In the present study, as efficiency-optimized strategy, we performed a pre-screening in which compared groups were investigated for diverse countries as distinct pools. Of note, when miRNA signatures were analyzed by hierarchical clustering, a high degree of variability was detected among the different countries. As an example, the miRNAs identified as differentially expressed in OW/Ob children in a small sub-sample of the I.Family Italian cohort [19] were not confirmed in the whole European cohort. This result is not inconsistent with our overall hypotheses, since recent reports supporting the assumptions that levels of circulating miRNAs are likewise affected by lifestyle factors [30] and that many miRNA families are connected to diet and nutritional interventions [31]. Furthermore, it has been suggested that dietary miRNAs may also resist digestion and can be recognized in biofluids [32], even if the significance of food-derived miRNAs and their ability to affect cross-species miRNAs remains still questioned [33, 34]. Taken all together, these possibilities may speculatively contribute to explain the variability in circulating miRNA patterns from different countries.

During the last years, numerous efforts have been made to identify reliable and predictive non-invasive biomarkers to identify primary signs of metabolic disorders. Accordingly, to evaluate miRNAs performance in discriminating OW/Ob children, ROC curves were constructed for miRNAs. Single miRNAs, among experimentally confirmed, generally exhibited low AUC values with the highest values for miR-874-3p and miR-501-5p which used in combination provided an interesting value (AUC = 0.782).

Pearson’s analysis confirmed that, among the miRNAs identified in ANCOVA analysis, miR-10b-5p, miR-215-5p, miR-501-5p, miR-551a, and miR-874-3p significantly correlated with BMI z-score. No significant association between investigated biochemical parameters and differential expressed miRNAs was identified, with the exception of miR-191-3p which in Pearson’s analysis correlates with insulin levels and HOMA index. This result is in line with a previous research demonstrating its abnormal levels in both serum and plasma in T2D patients compared to healthy controls [16]. However, glucose homeostasis is a complex trait affected by multiple miRNAs which can change depending on which metabolically active tissue is affected.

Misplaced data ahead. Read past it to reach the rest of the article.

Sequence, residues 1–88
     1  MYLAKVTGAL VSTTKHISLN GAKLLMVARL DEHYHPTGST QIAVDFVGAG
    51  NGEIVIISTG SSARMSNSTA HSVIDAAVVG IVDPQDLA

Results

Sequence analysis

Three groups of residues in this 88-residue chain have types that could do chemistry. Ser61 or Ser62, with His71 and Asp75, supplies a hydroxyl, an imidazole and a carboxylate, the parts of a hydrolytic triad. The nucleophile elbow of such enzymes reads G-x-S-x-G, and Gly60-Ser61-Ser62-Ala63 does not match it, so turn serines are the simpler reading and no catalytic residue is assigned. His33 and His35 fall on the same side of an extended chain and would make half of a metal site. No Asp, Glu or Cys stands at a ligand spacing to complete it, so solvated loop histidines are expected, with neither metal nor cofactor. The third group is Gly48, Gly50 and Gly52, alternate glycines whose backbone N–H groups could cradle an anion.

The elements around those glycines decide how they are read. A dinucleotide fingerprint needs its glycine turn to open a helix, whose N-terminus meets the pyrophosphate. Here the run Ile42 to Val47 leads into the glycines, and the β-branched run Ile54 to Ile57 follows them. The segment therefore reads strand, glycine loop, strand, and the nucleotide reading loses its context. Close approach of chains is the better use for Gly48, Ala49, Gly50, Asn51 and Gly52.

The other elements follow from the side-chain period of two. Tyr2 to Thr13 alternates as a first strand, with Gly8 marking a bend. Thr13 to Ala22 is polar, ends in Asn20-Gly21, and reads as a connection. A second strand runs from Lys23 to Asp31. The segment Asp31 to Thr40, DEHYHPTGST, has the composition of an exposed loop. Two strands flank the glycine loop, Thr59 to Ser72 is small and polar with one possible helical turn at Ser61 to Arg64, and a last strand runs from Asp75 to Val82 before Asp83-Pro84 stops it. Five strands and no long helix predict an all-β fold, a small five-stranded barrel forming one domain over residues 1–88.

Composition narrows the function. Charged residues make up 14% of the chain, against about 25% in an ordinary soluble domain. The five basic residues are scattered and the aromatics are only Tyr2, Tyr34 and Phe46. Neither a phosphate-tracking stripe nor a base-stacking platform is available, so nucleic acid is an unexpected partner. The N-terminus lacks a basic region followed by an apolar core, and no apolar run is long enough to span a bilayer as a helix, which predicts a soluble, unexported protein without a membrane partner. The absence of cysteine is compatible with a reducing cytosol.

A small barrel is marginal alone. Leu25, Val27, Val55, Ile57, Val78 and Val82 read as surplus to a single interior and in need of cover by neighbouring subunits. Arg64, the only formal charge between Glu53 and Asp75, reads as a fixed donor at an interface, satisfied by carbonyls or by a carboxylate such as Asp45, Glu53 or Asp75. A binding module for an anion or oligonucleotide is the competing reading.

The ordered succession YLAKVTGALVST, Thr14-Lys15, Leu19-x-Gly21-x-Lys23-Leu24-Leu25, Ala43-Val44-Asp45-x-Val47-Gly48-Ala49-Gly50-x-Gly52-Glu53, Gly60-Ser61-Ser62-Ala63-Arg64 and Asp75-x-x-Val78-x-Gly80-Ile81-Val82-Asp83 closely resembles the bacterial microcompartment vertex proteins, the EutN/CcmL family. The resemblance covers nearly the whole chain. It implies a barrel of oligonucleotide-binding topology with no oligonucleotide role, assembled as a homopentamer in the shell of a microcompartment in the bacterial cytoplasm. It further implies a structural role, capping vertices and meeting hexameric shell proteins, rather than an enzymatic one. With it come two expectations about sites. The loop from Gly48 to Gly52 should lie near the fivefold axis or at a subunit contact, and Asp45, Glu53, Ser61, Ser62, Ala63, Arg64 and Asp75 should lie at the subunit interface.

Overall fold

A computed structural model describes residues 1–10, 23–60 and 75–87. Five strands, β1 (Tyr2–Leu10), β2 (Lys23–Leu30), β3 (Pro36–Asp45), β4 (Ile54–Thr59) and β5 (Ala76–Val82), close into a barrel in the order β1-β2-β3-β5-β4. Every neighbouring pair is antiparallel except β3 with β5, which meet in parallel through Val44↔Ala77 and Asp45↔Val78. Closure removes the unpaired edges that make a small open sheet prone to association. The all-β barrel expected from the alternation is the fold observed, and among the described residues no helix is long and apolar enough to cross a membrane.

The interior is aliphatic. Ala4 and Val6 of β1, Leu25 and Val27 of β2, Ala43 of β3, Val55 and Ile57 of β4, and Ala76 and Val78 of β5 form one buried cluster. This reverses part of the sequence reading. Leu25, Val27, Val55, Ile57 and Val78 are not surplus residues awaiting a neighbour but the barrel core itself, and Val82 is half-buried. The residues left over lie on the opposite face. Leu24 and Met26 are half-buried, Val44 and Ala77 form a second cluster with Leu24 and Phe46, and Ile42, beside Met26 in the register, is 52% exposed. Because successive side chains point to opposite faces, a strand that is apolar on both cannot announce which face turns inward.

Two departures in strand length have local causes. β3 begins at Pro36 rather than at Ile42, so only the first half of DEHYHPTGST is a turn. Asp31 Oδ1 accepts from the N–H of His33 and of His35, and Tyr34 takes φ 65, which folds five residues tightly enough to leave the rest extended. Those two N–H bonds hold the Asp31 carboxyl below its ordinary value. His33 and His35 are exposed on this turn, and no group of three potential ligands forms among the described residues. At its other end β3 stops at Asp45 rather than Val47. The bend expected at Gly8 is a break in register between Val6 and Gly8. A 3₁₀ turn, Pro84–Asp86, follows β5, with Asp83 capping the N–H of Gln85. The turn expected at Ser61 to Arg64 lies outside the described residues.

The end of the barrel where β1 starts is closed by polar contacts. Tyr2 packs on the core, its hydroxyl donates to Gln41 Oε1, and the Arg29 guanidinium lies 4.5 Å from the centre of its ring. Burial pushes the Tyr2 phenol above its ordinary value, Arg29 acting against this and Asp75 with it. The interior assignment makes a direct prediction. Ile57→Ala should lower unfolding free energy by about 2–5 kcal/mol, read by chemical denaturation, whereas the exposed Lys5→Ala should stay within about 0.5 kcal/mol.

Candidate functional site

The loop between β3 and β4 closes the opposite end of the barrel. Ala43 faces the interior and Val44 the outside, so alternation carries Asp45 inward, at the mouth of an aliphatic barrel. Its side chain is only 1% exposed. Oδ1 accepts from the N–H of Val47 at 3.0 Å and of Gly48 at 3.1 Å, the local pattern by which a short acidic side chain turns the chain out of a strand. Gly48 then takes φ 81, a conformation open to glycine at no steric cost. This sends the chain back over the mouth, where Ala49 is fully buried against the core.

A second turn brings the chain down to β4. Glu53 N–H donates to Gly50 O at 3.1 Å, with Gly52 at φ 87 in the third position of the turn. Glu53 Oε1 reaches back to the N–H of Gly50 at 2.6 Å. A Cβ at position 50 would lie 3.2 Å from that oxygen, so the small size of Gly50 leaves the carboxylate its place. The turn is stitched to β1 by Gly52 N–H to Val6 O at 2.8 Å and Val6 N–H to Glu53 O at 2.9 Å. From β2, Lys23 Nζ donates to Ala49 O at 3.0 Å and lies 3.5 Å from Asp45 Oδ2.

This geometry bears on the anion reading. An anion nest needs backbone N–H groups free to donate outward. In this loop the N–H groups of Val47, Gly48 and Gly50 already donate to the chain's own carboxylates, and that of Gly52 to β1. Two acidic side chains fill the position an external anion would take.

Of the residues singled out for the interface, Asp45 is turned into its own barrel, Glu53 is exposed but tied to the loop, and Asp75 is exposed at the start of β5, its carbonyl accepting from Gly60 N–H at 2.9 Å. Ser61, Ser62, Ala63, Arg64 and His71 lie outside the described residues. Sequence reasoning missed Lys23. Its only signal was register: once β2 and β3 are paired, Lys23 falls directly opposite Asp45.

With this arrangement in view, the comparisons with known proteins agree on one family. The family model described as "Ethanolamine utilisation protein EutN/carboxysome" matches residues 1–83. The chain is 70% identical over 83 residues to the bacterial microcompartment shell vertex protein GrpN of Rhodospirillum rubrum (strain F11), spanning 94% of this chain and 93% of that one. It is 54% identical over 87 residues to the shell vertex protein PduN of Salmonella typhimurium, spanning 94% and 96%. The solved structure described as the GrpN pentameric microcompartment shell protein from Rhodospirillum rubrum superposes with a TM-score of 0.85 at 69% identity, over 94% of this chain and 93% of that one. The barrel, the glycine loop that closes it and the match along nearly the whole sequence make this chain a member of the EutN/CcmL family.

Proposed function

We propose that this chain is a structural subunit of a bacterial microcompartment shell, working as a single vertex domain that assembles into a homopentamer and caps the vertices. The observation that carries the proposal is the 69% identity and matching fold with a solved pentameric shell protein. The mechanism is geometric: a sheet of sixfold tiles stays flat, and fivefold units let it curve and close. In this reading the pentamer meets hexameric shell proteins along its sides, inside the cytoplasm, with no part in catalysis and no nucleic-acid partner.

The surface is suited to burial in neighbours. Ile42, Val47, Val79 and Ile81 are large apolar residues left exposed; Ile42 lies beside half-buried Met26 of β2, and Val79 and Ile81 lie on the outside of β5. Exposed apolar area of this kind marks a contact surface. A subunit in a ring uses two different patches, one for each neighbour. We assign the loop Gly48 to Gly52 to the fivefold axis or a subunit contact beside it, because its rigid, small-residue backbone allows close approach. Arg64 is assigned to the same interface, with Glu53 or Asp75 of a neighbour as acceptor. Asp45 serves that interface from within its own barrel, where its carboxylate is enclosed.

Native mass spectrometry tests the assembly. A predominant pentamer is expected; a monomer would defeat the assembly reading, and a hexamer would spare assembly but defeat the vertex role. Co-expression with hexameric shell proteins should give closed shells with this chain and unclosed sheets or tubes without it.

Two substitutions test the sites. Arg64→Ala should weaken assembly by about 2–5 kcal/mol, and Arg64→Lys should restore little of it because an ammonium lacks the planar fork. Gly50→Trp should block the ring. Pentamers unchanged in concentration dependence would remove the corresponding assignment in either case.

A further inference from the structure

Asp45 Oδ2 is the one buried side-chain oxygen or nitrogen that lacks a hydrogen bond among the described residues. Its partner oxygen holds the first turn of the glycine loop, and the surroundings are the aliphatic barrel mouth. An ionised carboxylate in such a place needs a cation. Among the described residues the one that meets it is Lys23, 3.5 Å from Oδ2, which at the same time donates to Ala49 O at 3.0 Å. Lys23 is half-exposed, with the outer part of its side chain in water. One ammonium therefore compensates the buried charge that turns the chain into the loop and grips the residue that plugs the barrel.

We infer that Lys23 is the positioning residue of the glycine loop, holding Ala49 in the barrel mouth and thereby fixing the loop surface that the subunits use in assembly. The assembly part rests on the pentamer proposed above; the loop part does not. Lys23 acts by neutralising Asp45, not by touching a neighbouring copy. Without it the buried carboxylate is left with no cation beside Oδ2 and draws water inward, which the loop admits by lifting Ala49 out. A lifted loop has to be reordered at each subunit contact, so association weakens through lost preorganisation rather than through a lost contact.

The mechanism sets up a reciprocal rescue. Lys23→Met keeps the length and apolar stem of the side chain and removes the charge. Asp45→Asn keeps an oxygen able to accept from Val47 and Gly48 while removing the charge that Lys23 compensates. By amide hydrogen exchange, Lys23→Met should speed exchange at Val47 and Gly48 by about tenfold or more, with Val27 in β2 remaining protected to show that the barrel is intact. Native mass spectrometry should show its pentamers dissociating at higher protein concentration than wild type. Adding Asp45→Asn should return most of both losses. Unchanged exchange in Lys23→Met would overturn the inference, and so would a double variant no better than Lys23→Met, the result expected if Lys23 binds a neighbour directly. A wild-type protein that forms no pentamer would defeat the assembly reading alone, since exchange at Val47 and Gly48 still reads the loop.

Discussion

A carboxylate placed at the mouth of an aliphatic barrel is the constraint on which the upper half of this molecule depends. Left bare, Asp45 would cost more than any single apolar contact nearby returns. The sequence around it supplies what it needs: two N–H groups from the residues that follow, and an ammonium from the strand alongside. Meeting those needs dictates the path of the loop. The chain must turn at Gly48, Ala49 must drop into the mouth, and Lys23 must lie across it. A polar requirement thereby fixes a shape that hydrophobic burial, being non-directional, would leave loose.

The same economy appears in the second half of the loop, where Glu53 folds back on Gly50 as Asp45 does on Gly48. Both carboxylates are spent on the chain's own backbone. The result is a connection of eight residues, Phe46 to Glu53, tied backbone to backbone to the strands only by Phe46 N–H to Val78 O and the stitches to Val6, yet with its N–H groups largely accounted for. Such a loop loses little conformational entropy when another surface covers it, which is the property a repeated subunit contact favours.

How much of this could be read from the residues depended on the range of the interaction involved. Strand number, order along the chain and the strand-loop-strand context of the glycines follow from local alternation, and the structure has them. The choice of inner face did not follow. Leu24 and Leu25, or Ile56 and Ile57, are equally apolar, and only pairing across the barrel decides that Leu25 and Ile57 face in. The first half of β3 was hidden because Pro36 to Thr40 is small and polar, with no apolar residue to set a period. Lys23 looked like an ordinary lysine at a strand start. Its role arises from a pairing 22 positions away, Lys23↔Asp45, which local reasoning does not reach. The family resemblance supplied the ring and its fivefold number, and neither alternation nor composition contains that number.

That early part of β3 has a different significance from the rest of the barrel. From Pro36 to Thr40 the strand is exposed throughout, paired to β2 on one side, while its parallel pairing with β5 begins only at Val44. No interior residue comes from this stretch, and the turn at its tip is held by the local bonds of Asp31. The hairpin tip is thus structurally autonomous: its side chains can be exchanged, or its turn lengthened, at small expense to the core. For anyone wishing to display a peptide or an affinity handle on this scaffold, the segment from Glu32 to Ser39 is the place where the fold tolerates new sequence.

In the current research, molecular interactions and functions of confirmed miRNAs were predicted using the miRPath analysis. Among the top predicted pathways, interaction with the target transcripts were further screened through the use of KEGG. This hypothesis-generating exercise suggests the involvement of characterized miRNAs in metabolic relevant pathways. Interestingly, the enzyme fatty acid synthase was the top predicted target of hsa-miR-10b-5p in the “fatty acid biosynthesis” (KEGG: hsa00061) and “fatty acid metabolism” (KEGG: hsa01212) pathways. Of note, this miRNA has also been shown to be differentially expressed during 3T3-L1 pre-adipocyte differentiation and may play active roles during adipogenesis [35]. Remarkably, a study in an animal model showed that miR-10b-5p represents the most abundant miRNA found in the subcutaneous adipose tissue [36].